My boss asked, 'What did you buy THOSE for?' I said, 'I don't know what I was thinking about, but somehow they caught my eye.' Well those were the bags where I put all my potatoes and the berries. Isn't God amazing in the very little details! Just thinking of this squeezes my heart.

We came back home. I kicked the door open and screamed to my sister, 'Did I tell you that God loves you?' She said, 'No-o-o.' I said, 'Well, I'm telling you now. God loves you! Let's go and unload the car!'

You should have seen how happy she was. After all the excitement and price discussion had calmed down she said very quietly, 'Maybe God really loves me!'

Just two days before this happened I made a commitment to pray 5 days a week for 5 weeks that God would show his grace and kindness to my family and that they would come to know Him through that. He did show his love to my family. But yet, that is not the end of the story.

My boss saw my sister's excitement. He asked me the next morning, 'Was your sister happy?' I told him she was more than happy.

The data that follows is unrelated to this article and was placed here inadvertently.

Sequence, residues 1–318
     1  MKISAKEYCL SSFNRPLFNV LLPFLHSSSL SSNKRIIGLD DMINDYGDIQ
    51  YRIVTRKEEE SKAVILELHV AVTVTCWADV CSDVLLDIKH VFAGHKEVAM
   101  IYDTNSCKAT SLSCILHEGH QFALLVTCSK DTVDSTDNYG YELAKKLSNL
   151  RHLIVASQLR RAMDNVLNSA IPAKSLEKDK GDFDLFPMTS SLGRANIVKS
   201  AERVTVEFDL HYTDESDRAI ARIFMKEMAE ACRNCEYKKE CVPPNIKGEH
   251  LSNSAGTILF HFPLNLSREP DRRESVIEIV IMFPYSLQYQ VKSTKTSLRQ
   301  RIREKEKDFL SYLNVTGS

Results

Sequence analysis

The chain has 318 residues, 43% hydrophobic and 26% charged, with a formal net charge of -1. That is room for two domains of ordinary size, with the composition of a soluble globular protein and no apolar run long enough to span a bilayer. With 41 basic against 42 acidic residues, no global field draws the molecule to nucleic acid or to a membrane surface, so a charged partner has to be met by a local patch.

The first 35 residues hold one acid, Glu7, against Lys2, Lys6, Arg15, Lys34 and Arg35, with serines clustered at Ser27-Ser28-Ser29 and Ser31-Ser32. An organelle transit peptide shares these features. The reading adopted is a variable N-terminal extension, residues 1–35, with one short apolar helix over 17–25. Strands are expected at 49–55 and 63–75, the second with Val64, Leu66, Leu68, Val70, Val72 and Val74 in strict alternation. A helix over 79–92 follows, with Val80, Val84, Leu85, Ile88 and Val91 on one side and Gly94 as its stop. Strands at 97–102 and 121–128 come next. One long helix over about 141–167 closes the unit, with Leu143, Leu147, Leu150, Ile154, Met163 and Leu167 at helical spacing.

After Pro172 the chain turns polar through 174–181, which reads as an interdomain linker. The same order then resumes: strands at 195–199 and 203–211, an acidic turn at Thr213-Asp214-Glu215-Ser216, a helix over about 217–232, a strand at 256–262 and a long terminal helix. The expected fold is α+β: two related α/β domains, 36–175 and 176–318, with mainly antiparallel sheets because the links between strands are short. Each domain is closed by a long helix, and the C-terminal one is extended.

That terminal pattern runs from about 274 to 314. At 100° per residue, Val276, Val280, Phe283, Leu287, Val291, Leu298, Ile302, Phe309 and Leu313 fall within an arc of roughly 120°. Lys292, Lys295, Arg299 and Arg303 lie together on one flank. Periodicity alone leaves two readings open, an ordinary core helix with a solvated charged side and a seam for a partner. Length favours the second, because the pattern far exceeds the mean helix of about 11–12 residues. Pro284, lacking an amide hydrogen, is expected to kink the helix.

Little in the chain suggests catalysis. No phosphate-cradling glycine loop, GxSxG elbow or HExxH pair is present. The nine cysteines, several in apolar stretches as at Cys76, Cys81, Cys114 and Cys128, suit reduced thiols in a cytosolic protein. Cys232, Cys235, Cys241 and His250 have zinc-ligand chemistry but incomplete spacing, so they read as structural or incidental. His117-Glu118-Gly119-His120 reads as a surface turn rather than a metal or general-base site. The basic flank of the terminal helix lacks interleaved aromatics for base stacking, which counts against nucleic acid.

He said, 'Then don't give the money back. Let it be a gift from the office.'

He also paid for the sugar to make jam out of those berries. Can you believe it!! This just leaves me wondering how many more miracles I'll need to believe how much my God loves me.

And this was my first business trip ever.

Love, Sasha "

As always, I am happy to continue to tell the story of Khabarovsk, Russia. As you read, the needs of the orphans and the homeless remain critical. Some of you may be led to send a gift for these ministries. Others may be called to help provide transportation and other costs of travel for Yura and his family as they make plans to come to America this fall. Please make checks payable to Fishburn UMC and designate clearly how the gift should be used.

Please continue to pray for our Russian brothers and sisters in Christ as they seek the will of God concerning the many needs in their country.

In His Love,

Fishburn United Methodist Church
1215 Fishburn Rd.
Hershey, PA 17033

Telephone (717) 534-1087
E-mail: creitz@juno.com.
web site: http://get.to/faith
(The web site is my Russian friend Andrey's site.)